I've been following FEAR GEAR and their camouflage system for a while now, but wanted to wait until they had a good amount of ad copy and pictures out before I did an article on them.
Here's the ad copy:
"FEAR GEAR was founded in 2009 with the intent of developing a family of camouflage variants based on one single pattern. The concept behind the idea of a single pattern was to address a growing issue in modern combat: The last 10 years has seen a growing number of new camouflage patterns from both the military and the commercial sector making it increasingly difficult for Allied Forces to identify each other.
A single pattern designed with unique characteristics with color palettes that have been calibrated for global operating environments provides instant identification for Allied Forces.
Unlike a lot of other modern camouflage patterns which use complex mathematical algorithms to generate textured patterns, FEAR CAMO (Fractal Enhanced Ambient Resolution Camouflage) is a hybrid of modern high texture digital concepts and more organic traditional analog designs.
Taking inspiration from time tested patterns such as the German Flecktarn, FEAR CAMO utilizes high frequency spots and blobs (enhanced fractals) to both dither the pattern at longer ranges and create macro texture at shorter ranges. The pattern is broken up by the use of larger blocks of color that serve to add depth and contrast to the pattern .
Rather than use softwear to randomly generate the pattern, each element of FEAR CAMO was built by manually manipulating each element to the optimum scale and frequency to create a much more "organic" looking pattern that reflects the ambient resolution of it's environment and achieving environmental continuity."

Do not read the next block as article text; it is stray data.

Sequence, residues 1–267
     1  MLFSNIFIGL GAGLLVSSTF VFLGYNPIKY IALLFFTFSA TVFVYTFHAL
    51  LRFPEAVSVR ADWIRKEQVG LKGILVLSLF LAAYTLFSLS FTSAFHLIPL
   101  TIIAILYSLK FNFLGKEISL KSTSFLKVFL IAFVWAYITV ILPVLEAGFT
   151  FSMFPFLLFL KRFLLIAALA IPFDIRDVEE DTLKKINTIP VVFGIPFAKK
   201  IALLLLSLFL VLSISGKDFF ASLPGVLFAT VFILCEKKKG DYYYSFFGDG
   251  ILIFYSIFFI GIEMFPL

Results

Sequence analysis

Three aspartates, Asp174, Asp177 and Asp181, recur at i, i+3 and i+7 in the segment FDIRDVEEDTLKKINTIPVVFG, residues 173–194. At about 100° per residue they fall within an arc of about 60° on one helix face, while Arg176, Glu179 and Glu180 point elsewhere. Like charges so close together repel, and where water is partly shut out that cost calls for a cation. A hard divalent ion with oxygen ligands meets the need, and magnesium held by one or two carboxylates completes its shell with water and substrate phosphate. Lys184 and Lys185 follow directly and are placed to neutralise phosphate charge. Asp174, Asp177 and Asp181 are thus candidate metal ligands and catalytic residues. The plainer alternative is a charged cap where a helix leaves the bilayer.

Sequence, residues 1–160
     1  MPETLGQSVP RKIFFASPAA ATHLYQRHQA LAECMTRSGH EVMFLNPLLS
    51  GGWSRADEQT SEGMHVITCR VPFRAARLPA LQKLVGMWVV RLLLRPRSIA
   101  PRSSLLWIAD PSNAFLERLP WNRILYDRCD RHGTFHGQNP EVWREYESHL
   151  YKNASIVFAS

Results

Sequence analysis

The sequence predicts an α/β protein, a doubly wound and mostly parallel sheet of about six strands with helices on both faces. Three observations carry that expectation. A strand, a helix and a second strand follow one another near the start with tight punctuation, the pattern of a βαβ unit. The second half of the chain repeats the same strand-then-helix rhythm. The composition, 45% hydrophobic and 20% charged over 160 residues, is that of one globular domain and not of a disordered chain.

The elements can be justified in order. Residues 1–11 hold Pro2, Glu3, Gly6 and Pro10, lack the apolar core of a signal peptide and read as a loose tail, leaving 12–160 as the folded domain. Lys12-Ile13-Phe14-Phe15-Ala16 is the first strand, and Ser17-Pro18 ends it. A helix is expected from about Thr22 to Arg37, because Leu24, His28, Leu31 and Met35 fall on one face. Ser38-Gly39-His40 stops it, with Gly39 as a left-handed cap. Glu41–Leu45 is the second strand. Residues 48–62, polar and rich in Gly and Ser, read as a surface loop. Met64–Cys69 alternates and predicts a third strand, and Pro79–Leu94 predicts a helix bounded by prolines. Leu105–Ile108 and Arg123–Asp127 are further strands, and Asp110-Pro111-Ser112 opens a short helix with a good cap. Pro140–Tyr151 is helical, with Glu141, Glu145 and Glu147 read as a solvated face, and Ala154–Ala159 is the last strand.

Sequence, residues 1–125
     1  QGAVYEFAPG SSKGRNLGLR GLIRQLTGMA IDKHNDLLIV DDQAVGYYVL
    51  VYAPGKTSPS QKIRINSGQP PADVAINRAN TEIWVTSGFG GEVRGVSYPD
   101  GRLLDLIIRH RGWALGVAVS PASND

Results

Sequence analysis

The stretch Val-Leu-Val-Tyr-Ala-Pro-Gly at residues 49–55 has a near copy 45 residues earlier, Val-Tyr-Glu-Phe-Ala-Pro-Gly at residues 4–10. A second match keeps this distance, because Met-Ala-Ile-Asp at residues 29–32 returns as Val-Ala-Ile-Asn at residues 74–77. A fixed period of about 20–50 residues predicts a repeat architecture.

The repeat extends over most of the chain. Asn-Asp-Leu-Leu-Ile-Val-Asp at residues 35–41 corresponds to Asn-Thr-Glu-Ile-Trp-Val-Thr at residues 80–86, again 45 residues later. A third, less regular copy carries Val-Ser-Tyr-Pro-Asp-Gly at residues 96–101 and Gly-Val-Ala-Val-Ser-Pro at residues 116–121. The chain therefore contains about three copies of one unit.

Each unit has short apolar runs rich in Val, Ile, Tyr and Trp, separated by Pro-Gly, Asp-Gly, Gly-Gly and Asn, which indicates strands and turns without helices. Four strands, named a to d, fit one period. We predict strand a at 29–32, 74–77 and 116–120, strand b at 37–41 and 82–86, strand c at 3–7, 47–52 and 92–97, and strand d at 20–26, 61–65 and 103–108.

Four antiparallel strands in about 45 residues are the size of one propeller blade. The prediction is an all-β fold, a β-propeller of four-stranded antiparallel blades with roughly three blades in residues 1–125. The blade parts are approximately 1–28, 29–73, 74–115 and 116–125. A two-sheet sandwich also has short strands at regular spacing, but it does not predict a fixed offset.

- Taken from FEAR's Facebook page.
An interesting approach to see the least, and I'm sure fans of Flecktarn will just eat this up. Here's a picture that got me really interested in what these guys are doing:
As Borat says, "Very nice, how much?" (Note: not all images may represent a variant that has already been developed)
The pattern shown above are not currently slated for public release from what I understand, as FEAR is looking to enter them in the U.S.'s upcoming solicited camouflage competition (specifically the three on the left). Too bad, cause I'd love to see all of them in action! To tell what variant is best for you, they also have a cool map system set up that you can see by clicking here. Always cool to see more arctic camouflage, but I don't really know what the reasoning for the inclusion of green is. I guess for evergreen foliage? These guys are someone to watch if you're keeping your eye on camouflage news and development, I know I will be.
I know I've neglected the camouflage portion of the blog for a little while now, I'll try my best over the next couple weeks to remedy that. Included in that will be another update on my testing of the A-TACS Danners, I'll talk about some obscure camouflage patterns, and take a look at some DIY camouflage options.